Three historic Virginia Tech academic buildings awarded LEED certifications
This spring, three of Virginia Tech’s historic buildings surrounding the Drillfield — Davidson Hall, Sandy Hall, and the College of Liberal Arts and Human Sciences Building — were awarded Leadership in Energy and Environmental Design (LEED) certifications from the U.S. Green Building Council.
Davidson Hall earned a Silver certification. Both Sandy Hall and the College of Liberal Arts and Human Sciences Building received a Certified LEED rating.
For a project to earn a LEED rating - Certified, Silver, Gold, or Platinum - points are awarded by identified aspects of green buildings. The used criteria are updated approximately every four years to reflect updates to building code standards and market trends.
Davidson Hall, Sandy Hall, and the College of Liberal Arts and Human Sciences Building were evaluated by the following criteria:
- Sustainable sites
- Water efficiency
- Energy and atmosphere
- Materials and resources
- Indoor environmental quality
- Regional priority
The categories are updated approximately every four years to reflect updates to building code standards and market trends.
To finalize their LEED certification application, each building’s utilities and operations, such as their HVAC systems, were tested in extreme seasons including summer and winter.
The three early 20th century buildings, which included the university’s first structure made of Hokie Stone, the College of Liberal Arts and Human Sciences Building, underwent capital renovations to improve their functionality, address maintenance issues, and reduce space deficiencies. Environmentally friendly upgrades to the buildings included energy-efficient HVAC systems and windows and water-efficient plumbing. The building materials were also secured through sustainable procurement practices.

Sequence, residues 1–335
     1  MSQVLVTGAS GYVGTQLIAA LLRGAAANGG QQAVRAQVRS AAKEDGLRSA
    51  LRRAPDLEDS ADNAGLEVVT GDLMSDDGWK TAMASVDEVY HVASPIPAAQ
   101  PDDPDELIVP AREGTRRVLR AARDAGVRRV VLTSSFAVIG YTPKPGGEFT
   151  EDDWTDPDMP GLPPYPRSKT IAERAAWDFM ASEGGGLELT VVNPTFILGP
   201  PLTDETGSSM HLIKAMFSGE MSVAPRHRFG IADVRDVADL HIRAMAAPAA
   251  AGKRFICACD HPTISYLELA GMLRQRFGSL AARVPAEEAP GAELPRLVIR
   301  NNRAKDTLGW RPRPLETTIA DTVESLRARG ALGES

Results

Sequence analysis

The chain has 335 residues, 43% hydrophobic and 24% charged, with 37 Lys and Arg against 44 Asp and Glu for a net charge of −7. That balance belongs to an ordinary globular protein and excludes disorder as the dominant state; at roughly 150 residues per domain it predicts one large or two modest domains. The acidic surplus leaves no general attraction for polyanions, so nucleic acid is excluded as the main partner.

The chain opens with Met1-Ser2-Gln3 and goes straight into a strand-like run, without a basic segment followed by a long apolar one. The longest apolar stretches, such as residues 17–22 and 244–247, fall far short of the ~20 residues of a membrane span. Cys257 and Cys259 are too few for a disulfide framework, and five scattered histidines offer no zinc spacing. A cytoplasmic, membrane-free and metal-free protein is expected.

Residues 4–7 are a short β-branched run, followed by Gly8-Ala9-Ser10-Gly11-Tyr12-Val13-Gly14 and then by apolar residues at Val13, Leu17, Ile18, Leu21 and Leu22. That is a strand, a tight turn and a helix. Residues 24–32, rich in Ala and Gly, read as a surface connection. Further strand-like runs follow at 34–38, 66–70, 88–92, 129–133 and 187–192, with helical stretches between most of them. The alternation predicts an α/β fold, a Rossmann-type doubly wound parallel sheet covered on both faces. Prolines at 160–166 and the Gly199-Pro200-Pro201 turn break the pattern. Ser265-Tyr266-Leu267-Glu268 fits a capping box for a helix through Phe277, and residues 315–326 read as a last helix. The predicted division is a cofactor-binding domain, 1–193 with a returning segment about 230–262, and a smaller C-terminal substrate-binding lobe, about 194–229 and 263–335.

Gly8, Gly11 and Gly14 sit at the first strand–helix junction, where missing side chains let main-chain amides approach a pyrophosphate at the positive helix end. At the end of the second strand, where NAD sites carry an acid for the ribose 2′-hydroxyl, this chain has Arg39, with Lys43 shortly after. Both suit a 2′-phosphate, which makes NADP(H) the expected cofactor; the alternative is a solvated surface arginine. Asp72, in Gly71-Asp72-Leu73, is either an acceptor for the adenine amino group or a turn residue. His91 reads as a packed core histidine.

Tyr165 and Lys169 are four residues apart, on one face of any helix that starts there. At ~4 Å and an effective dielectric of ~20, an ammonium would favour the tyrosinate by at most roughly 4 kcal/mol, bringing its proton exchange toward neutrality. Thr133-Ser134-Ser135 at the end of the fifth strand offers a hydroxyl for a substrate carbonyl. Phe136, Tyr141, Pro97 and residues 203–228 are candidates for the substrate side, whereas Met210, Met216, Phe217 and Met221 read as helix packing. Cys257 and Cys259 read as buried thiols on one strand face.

The three buildings join 18 other LEED certified buildings on Virginia Tech’s Blacksburg campus.
Obtaining LEED certification for all capital renovation and new construction projects is among the many ways Virginia Tech is striving to enhance energy efficiency, improve the health of the built campus environment, and reduce environmental impact of university buildings.
These efforts will be critical in striving toward a carbon-neutral Virginia Tech campus by 2030, a key 2020 Climate Action Commitment tenet.
Authorized originally in 2009, the Climate Action Commitment provides a Virginia Tech-specific, actionable framework for advancing sustainability and energy efficiency in campus operations, academics, research, and more.
Learn more about Virginia Tech’s LEED certification and green building initiatives.